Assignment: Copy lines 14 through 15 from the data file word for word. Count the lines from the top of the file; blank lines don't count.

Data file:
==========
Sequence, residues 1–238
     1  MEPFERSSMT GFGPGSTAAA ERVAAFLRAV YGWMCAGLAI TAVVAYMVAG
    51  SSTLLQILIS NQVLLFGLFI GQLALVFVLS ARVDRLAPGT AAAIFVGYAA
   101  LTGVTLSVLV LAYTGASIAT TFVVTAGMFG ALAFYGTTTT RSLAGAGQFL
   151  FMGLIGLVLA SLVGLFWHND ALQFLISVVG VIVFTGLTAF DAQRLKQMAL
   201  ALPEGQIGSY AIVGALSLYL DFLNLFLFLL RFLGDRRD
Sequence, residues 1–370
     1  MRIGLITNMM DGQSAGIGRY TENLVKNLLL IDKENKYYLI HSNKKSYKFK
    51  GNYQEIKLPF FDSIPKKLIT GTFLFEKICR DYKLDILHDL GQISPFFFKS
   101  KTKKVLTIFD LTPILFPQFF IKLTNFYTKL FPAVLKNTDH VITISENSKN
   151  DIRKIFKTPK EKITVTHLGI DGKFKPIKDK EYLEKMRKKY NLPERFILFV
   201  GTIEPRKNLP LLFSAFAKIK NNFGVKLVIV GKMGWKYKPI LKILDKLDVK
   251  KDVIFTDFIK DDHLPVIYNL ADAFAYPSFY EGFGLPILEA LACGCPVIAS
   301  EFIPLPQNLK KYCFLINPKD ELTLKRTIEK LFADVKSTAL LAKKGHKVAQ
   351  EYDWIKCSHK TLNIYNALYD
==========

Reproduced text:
   301  EFIPLPQNLK KYCFLINPKD ELTLKRTIEK LFADVKSTAL LAKKGHKVAQ
   351  EYDWIKCSHK TLNIYNALYD